• If any Lions players are moved in draft-day deals, some of the names that make sense include Ameer Abdullah, Theo Riddick and Jake Rudock, ESPN’s Michael Rothstein writes. Those names all come to mind after the team added veterans in LeGarrette Blount and Matt Cassel in the offseason.
  • The goal is for the Bengals to sign both Carlos Dunlap and get a new deal with Geno AtkinsBengals.com writer Geoff Hobson notes in a mailbag. Both Dunlap’s and Atkins’ deals run through the 2018 campaign.
  • NFL commissioner Roger Goodell is expected to be deposed in the next two weeks in Colin Kaeperncik‘s collusion case against the league, USA Today’s A.J. Perez writes. Seahawks general manager John Schneider and head coach Pete Carroll are also on the docket to be deposed.

Bengals Notes: Atkins, Dunlap, Ross

Defensive tackle Geno Atkins is near the top of the Bengals’ wishlist of players to extend. The six-time Pro Bowler is entering the final year of a five-year $55MM extension and though he turned 30 earlier this week, he’s not showing signs of slowing down.

Atkins has tallied nine sacks in each of the last two seasons without missing a game. In fact, he hasn’t missed a game since 2013.

The Bengals have indicated his extension will certainly be a priority.

“In our football business, you pay for high-end talent and Geno has been at the top of our industry for a long time and we think he can continue to do that and that’s why we’re trying to see what the opportunities are going forward,” said Bengals vice president Troy Blackburn to Paul Dehner Jr. of the Cincinnati Enquirer

Atkins set the market for defensive tackles back in 2013 but has since been upstaged by the likes of Gerald McCoy (seven years, $98MM) and Ndamukong Suh (six years, $114MM — with the Dolphins). Suh most-recently signed a one-year, $14MM deal with the Rams.

Here’s more from the Bengals:

  • The Bengals have another defensive lineman nearing free agency in Carlos Dunlap. He’s also entering the final year of his deal — a six-year, $40MM extension signed in July 2013. The 29-year-old two-time Pro Bowler hasn’t logged less than 7 1/2 sacks in a season since 2013 while not missing a game since 2012. Blackburn said “That’s right” to Dehner Jr. when asked if Dunlap was viewed in the same scope as Atkins. But excess talent at defensive end in Carl Lawson and Jordan Willis could complicate matters. “At the same time, we’re going to be looking at the young guys we have coming up,” Blackburn said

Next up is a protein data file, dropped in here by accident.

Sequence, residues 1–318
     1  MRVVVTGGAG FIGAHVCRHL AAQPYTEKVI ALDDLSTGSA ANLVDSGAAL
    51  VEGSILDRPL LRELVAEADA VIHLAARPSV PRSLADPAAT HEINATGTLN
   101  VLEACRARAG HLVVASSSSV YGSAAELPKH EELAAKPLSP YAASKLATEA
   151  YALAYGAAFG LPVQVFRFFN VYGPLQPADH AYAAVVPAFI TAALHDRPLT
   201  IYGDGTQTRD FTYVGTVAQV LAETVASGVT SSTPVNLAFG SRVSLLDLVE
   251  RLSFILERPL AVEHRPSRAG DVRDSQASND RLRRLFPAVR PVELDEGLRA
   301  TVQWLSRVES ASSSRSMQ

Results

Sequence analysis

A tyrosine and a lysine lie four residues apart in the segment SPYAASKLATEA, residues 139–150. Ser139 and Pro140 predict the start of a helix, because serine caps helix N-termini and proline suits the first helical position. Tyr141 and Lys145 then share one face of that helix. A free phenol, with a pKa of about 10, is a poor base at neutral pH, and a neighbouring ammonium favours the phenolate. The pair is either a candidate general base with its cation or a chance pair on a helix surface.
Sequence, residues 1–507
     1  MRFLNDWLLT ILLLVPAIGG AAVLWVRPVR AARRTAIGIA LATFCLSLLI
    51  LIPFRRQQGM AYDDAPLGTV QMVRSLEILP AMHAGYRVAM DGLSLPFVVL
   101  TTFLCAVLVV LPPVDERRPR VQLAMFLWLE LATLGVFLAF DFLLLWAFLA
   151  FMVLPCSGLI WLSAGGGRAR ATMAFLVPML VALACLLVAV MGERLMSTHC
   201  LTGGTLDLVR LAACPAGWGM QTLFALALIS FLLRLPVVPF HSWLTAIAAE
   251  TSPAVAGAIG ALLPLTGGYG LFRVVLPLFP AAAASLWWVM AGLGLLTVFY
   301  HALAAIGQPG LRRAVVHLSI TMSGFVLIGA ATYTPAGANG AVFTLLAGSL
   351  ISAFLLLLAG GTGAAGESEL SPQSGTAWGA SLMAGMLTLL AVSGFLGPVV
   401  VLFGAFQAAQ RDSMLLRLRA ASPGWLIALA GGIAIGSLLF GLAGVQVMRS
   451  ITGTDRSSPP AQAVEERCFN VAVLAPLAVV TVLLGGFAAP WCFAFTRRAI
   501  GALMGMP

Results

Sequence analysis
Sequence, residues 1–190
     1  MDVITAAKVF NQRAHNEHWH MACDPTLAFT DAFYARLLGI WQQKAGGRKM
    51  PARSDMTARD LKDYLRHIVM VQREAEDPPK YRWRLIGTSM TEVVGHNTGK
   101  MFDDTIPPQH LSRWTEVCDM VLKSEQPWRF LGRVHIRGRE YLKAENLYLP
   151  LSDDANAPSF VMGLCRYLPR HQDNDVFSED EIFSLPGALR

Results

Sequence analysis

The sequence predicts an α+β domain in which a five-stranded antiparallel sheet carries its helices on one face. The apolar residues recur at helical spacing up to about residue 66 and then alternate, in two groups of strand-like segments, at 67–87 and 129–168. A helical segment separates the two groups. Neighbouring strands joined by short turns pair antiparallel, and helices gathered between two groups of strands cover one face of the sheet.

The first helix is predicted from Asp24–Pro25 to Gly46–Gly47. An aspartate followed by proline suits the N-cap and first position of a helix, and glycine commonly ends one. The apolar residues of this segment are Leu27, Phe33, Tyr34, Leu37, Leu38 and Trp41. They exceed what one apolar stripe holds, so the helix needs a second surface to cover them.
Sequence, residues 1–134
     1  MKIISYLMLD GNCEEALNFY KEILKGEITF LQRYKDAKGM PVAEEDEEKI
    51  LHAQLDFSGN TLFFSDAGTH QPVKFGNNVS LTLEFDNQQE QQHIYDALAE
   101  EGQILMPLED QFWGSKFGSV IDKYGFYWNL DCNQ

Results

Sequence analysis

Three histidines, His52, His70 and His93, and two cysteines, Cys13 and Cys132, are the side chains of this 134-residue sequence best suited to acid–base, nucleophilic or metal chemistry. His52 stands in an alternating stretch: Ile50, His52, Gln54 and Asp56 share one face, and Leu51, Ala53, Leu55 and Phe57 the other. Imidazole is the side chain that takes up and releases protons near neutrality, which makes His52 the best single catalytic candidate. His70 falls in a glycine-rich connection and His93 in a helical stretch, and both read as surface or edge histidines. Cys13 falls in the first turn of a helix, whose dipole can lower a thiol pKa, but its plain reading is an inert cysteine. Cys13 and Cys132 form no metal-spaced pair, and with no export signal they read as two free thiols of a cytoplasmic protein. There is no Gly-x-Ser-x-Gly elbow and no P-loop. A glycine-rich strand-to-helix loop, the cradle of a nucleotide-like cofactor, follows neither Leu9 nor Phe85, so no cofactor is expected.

• John Ross had an abysmal rookie season with the Bengals, fumbling on his only touch of the year. But his lack of production didn’t have to do with a fractured relationship with coach Marvin Lewis. “He wasn’t in my doghouse. I don’t have a doghouse,” Lewis said to Geoff Hobson of Bengals.com. “I think he’s all the ability we wanted. That’s why we drafted him. He had to get fixed. We knew he was injured going in and he got nicked up a couple of times in his lower legs and the other shoulder was bothering him. He’s all fixed now.” The Bengals took the speedster out of Washington with the No. 9 overall pick of the 2017 draft.
  • Earlier this week, Bengals president of player personnel Duke Tobin acknowledged that building around a player like Vontaze Burfict hasn’t been “ideal” but the team plans to stick by him and his recently-signed three-year extension for the time being. Burfict is suspended for the first four games of the upcoming season for violating the league’s policy on performance-enhancing substances.

AFC Links: Keisel, Dolphins, Ravens, Atkins

Brett Keisel is excited to return to the Steelers, and the defensive end isn’t concerned about his role for this upcoming season. Instead, he’s focused on helping the team, particularly the rookies.

To be back and to be able to hope to help lead some of these guys and help these guys turn into pros and accountable pros, I’m excited about it,” Keisel told Alan Robinson of the Pittsburgh Tribune-Review.

“I’ve felt since about March, when I decided I still wanted to play football, that something would happen. I hoped it would be here, and for a long time … nothing happened, nothing happened. It was kind of weird like, ‘What am I going to do now?'”

So, after having started in each of his 110 games since 2006, will the veteran welcome a reduced role?

We really didn’t get into that too much. They just said, ‘We want you back.'”

Let’s check out some more notes from the AFC…

  • As Dolphins running back Knowshon Moreno continues to get healthy, Adam Beasley of the Miami Herald believes the player will climb up the depth chart. That could leave some of his teammates, including Daniel Thomas, on the outside looking in. However, the prospect of being cut is far from the 26-year-old’s mind. I don’t really worry about it,” Thomas said. “I’ll just let whatever happens, happens and just go with it. It’s all I can do.”
  • Considering the injuries in the Ravens secondary, Jeff Zrebiec of The Baltimore Sun says that the team “probably can’t afford to cut any corners” until the starters return to practice.
  • Bengals defensive tackle Geno Atkins is expected to make his preseason debut on Sunday. After recovering from an ACL injury, some could be worried that the Pro-Bowler has lost some explosiveness. That does not include head coach Marvin Lewis, who told Geoff Hobson of Bengals.com that Geno looks like Geno.”